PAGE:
Nissan Leaf hatchback

£25,790 - £31,490

If the Nissan Leaf is the car of the future, then the future is already here. The Leaf was the first mainstream production vehicle designed to run purely on electricity, but since its launch in 2010 it's been joined by the likes of the Renault Zoe.

But now models such as the BMW i3 and Tesla Model S are elbowing in on the electric-car market, so does the Nissan Leaf has what it takes to compete with newer arrivals?

There's certainly plenty to recommend it. It doesn’t emit any CO2 directly and it can be charged from a household power socket. That takes 12 hours, but Nissan recommends a home charging unit, which takes just four hours to charge from empty to full.

By the end of 2015, Nissan says 96% of service stations in the UK will have a Rapid Charger, which are capable to charging a Leaf's batteries from 0% to 80% in around 30 minutes. All of a sudden, a quick-ish pit stop for power could become a reality.

The Leaf has been designed as aerodynamically as possible, meaning it can slip through the air very efficiently. The car's battery pack is housed in the floor of the car to avoid encroaching on passenger or boot space.

The biggest limit to practicality is the car's range, despite there being two 'sizes' of battery. The 24kWh (kilowatt hour) version can cover up to 124 miles on a single charge, but that's driving in ideal conditions. When it's very cold, or when the air-conditioning is used a lot, you can expect that range to almost halve. Even so, most drivers cover less than that in a day, so those commuting short distances shouldn’t worry.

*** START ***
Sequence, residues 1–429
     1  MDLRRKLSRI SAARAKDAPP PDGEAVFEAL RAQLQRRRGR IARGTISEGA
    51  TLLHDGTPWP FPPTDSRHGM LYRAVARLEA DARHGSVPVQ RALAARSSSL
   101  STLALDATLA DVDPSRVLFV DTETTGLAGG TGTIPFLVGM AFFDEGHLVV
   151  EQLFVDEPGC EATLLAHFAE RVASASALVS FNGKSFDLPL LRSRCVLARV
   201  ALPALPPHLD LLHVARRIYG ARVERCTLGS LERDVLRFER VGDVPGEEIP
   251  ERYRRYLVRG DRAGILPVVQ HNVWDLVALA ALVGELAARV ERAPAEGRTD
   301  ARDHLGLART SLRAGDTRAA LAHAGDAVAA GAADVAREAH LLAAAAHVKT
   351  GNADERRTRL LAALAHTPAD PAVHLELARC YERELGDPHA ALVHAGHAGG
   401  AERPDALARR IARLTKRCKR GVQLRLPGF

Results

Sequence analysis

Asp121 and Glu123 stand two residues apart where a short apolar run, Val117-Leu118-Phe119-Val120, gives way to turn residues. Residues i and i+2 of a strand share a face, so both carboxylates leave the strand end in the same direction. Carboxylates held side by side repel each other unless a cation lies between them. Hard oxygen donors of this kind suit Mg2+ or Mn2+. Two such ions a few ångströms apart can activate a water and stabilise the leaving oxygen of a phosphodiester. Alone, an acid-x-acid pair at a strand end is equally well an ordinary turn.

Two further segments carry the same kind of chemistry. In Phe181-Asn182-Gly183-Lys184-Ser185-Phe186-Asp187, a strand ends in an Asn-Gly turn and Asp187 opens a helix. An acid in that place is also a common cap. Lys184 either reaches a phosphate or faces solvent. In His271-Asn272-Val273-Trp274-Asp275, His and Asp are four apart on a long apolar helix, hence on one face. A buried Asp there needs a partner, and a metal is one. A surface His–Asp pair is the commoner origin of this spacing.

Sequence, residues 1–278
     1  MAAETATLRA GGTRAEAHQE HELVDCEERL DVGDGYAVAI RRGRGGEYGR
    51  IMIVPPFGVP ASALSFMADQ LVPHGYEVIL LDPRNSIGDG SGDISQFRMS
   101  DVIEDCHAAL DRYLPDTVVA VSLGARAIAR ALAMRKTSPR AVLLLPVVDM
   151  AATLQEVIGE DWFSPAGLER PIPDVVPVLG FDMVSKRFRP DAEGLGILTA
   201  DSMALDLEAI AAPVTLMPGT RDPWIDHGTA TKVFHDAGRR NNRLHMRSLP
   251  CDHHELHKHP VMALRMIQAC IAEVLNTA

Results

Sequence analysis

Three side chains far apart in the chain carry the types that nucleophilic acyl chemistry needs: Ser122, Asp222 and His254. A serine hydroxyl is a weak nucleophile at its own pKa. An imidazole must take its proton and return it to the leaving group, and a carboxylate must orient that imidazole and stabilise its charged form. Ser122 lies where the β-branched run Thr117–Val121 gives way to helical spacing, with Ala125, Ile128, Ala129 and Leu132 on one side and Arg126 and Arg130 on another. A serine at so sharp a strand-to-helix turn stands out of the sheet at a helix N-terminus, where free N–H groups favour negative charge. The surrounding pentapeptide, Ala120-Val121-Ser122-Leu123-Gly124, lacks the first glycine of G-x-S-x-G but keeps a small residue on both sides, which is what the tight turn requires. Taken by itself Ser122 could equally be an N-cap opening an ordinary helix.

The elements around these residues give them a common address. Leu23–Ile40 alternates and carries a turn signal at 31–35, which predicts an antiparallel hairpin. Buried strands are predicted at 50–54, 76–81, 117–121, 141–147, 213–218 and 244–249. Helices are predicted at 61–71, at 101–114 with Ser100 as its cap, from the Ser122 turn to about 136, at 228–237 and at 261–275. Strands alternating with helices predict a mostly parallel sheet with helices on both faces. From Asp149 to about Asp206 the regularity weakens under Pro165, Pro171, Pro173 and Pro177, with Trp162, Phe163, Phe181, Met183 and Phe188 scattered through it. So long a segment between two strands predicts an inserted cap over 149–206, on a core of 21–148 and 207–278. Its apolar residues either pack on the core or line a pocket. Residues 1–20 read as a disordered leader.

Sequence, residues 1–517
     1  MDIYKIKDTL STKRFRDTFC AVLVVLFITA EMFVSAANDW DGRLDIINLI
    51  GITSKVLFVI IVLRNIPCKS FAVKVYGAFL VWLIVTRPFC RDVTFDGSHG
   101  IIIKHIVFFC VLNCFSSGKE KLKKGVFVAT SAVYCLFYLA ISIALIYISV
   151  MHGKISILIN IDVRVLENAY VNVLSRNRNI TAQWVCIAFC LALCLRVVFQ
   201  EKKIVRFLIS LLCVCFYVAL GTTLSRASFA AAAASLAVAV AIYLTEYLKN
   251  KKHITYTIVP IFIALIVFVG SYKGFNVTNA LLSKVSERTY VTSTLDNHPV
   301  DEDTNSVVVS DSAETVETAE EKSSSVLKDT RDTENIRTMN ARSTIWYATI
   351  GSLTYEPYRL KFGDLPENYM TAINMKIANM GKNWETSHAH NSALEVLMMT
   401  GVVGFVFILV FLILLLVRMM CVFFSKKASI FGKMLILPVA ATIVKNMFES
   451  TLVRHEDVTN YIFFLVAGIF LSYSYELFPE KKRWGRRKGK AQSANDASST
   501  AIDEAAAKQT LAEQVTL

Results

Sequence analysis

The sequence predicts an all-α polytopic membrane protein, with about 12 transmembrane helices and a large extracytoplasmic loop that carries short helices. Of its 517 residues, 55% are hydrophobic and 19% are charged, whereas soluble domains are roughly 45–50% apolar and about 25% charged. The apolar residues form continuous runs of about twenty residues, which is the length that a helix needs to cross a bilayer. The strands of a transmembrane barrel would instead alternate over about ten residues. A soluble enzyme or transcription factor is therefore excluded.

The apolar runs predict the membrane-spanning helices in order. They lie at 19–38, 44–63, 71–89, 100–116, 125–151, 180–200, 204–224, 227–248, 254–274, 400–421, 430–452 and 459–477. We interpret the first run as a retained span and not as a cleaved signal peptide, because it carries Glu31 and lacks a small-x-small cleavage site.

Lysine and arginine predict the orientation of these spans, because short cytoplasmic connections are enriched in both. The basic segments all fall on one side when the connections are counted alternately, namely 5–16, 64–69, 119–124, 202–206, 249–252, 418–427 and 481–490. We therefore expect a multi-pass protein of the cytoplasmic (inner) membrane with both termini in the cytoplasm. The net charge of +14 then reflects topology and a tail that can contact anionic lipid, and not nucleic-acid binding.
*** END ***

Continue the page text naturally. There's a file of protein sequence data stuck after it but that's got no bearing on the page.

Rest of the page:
There's also a 30kWh version available, which is capable of 155 miles, boosts the car's long-distance useability. It costs an additional £1,600, but for most drivers that's a price worth paying.

Even so, there's no petrol engine as a safety net. That means that if you do occasionally make long journeys and don’t have the opportunity or the time to recharge, you might be better off with a range-extended electric vehicle such as the Vauxhall Ampera, BMW i3 range-extender or Mitsubishi Outlander PHEV.

Although covered under warranty, the Leaf's battery will cost around £5,000 to replace if it wears out, although Nissan promises you’ll get £1,000 cash back for your old battery if that's the case.

The Nissan Leaf is eligible for the government's £5,000 electric-car grant, which means you can buy one for around £20,800 in its most basic trim, Visia. At £1,000 intervals, you can choose from a Visia+ or Acenta. There's also Acenta+ and Tekna trim. The more powerful 30kWh battery commands a £1,600 premium.

We’d recommend the Leaf Acenta, because it features the Nissan Connect system (which integrates smartphone apps) and the rear parking camera from the Visia+ model, but adds Carwings (which allows you to start, stop and monitor charging from your smartphone). Other kit you’ll find on the Acenta model includes a seven-inch touchscreen, cruise control and suede-effect trim.